One of my first exposures to the password problem came from the notorious "Morris Worm" which crashed the entire Internet back in the 1980s by using a simple password guessing list to break in to servers on the Internet. After each server was compromised, it would then try to break in to every other server it could find, starting by testing the 432 hard-coded passwords against every account it could find, and moving on to more complex cracking techniques. Robert Morris the Hacker, was the son of Robert Morris the Unix pioneer at Bell Labs. The Senior Morris had published a paper in 1979 called Password Security: A Case Study. After his death, a slashdotter revealed that he had discovered the senior Morris capturing other Bell Labs employees' passwords -- which may actually have been the source of the password list the younger Morris ended up using in his worm!

When I was a young Systems Programmer working at Samford (in 1989) I used the Morris Password list to require users at Samford to change their password if they were using any of those words. We added a few other common passwords to the list that we found our local users liked, including: bulldogs, bulldog!, ROLLTIDE, samford, and aubie1.

Password Cracking

 Let's talk about cracking alphabets:

If you have a one character password, and you restrict your password to only using the 26 lowercase alphabetic characters, guessing your password will take 26 guesses. abcdefghijklmnopqrstuvwxyz. Done! We've guessed your password!

If you have a TWO character password, how many guesses will it take? 26 SQUARED or 26^2 = 676 guesses, from aa, ab, ac to zx, zy, zz.

By raising the LENGTH of the password, we change the exponent. a 3 character password is 26^3, 4 characters = 26^4, 5 character = 26^5, etc.

By raising the SIZE of the alphabet, we change the BASE.
Lowercase = 26
Uppercase = 26
Numeric = 10
Special characters = 33
`~!@#$%^&*() -_=+[{]}\|;:'",<.>/?
(including the "space")

If we combine all of these, 26 + 26 + 10 + 33 = 95, we have a strong "alphabet" that resists crackers who have only been guessing "all lowercase" or "all lowercase plus numbers".

All the way back in the 1979 paper, Robert Morris warned about the dangers of password cracking and how simple passwords could be easily guessed by computers. In 1979, he calculated the time to crack various passwords, based on a combination of the length of the password and the size of the alphabet.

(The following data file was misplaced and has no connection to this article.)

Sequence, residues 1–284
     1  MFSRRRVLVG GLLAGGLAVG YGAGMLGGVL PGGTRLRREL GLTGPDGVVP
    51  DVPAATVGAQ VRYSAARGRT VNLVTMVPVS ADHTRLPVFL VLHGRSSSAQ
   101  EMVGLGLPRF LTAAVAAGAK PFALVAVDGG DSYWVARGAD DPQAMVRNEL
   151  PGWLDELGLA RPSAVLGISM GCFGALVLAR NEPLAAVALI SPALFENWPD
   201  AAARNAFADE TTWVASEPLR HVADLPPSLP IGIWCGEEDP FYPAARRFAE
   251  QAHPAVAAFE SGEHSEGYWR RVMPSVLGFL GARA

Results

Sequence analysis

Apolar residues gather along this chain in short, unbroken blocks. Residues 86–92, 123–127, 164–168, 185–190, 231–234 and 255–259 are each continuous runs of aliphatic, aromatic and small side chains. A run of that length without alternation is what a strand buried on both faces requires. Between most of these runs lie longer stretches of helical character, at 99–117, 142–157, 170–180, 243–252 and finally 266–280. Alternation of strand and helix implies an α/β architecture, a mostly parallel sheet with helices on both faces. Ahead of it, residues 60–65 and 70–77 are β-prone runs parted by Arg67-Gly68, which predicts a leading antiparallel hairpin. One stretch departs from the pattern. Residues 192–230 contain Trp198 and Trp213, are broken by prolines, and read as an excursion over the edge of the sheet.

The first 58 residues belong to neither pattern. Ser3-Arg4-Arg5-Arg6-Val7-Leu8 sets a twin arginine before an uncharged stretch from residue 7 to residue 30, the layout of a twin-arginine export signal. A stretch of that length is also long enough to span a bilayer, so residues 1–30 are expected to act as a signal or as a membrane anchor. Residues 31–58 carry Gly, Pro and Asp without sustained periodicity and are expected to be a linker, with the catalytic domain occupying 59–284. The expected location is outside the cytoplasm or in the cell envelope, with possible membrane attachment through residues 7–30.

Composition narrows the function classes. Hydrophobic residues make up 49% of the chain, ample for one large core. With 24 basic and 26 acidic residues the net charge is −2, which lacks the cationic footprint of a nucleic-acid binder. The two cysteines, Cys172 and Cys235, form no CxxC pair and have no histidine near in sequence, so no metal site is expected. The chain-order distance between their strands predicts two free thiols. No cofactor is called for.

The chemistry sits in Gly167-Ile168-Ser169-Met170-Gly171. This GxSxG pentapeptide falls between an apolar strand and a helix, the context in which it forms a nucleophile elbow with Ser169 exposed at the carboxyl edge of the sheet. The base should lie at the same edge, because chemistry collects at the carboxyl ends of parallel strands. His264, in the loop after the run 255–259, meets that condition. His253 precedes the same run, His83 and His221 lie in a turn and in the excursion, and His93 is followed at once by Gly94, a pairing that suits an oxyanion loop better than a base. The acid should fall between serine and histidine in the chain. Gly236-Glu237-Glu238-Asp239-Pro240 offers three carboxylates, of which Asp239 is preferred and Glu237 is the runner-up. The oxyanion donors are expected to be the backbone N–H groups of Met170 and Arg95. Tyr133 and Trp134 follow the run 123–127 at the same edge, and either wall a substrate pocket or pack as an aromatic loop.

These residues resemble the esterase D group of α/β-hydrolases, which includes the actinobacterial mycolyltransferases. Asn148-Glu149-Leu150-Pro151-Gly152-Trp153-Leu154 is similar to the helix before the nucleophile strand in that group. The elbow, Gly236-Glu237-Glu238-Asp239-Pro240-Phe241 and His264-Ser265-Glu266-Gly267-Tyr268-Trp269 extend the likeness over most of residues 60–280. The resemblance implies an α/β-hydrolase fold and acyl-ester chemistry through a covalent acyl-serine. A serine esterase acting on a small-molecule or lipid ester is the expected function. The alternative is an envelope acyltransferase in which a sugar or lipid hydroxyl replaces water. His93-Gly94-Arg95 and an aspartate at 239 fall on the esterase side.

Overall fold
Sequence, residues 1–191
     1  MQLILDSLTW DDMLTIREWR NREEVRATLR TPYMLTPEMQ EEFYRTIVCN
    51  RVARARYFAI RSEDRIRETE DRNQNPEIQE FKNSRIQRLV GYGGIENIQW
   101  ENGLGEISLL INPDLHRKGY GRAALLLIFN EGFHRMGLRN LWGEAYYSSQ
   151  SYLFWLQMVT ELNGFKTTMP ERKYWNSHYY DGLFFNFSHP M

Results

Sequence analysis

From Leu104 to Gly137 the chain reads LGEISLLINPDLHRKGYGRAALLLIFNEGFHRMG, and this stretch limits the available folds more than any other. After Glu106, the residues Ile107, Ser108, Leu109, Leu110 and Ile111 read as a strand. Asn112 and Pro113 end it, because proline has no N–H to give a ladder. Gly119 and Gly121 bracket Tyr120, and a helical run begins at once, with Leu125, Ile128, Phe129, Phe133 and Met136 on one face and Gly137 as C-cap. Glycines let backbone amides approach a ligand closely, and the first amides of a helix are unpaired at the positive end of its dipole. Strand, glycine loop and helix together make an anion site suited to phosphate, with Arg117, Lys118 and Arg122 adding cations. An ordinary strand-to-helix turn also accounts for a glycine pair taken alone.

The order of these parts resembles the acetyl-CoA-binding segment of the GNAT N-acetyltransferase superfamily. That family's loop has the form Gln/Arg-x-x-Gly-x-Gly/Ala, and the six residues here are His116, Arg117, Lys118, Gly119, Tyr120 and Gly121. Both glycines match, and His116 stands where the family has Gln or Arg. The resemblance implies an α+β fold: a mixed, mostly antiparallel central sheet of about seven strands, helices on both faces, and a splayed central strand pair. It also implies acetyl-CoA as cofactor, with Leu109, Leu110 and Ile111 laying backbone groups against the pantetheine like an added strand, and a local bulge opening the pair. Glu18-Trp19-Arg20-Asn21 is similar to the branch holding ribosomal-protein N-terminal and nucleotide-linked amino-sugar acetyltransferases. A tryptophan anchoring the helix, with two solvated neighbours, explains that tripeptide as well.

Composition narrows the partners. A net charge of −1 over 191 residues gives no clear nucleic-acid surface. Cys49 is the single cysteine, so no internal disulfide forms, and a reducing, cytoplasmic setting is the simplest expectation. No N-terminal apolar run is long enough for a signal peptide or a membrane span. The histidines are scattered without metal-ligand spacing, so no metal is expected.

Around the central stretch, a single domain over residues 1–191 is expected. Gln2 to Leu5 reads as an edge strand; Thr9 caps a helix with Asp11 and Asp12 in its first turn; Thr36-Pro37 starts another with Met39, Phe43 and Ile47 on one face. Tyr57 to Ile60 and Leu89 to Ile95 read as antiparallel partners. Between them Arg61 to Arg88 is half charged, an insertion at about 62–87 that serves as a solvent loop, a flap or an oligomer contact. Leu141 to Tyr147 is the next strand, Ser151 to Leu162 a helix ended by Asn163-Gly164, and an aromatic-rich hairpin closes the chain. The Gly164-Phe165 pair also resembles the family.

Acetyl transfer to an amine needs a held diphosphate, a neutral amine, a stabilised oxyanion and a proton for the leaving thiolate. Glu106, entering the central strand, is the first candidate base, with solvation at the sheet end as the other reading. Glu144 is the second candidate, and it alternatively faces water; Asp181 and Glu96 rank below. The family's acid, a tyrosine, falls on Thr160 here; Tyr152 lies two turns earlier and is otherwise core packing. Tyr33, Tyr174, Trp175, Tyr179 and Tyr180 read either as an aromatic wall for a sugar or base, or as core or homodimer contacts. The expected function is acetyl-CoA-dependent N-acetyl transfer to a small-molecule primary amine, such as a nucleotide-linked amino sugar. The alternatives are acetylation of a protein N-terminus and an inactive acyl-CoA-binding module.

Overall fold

Now let's look at 1979 cracking times from the paper by Mr. Morris Senior:
n26 lower36 lower + numbers62 alpha + numbers95 printable charsall 128 ASCII chars
1 char 30 msec40 msec80 msec120 msec160 msec
2 chars800 msec2 sec5 sec11 sec20 sec
3 chars22 sec58 sec5 min17 min sec44 min
4 chars10 min35 min5 hrs28 hrs93 hrs
5 chars4 hrs21 hrs318 hrs112 days500 days
6 chars107 hrs760 hrs2.2 years29 yrs174 yrs

In 1979, a six character password with upper+lower+numeric+symbol would protect us from cracking for 29 years!  But today's computers are FAR faster than that! How does that compare to today's password cracking speeds?

To guess all 7-character lowercase passwords would be 26^7 guesses, or 8,031,810,176 (8 billion guesses!)

A secret about Windows passwords comes into play here. In environments that still use Windows XP, Windows defaults to a password storage mechanism called "LanMan Compatibility." That means that if your password is LONGER than 7 characters, Windows actually splits the password into two parts and hashes the first 7 characters as one hash, and the remaining 1-7 characters as a second hash. So, instead of a 14-character Windows XP password having a complexity:

26^14 = 64,509,974,703,297,150,976 (64 QUINTILLION guesses!)

It actually is stored as:

26^7 + 26^7 = 8 billion + 8 billion = 16 billion

Of course no one in their right mind is still running Windows XP! (right?)

Still, 16 billion guesses sounds like a lot, right? Unfortunately, not anymore.  How long would it take to crack a password that required 16 billion guesses?  If you have the right computer, LESS THAN ONE SECOND.

In December 2012, Ars Technica ran a story called 25 GPU Cluster Cracks Every Standard Windows Password in 6 hours!. The story is about a 5-server setup built with 25 Graphical Processing Unit cards (the video cards that the gamers love) that can guess 350 BILLION PASSWORDS PER SECOND!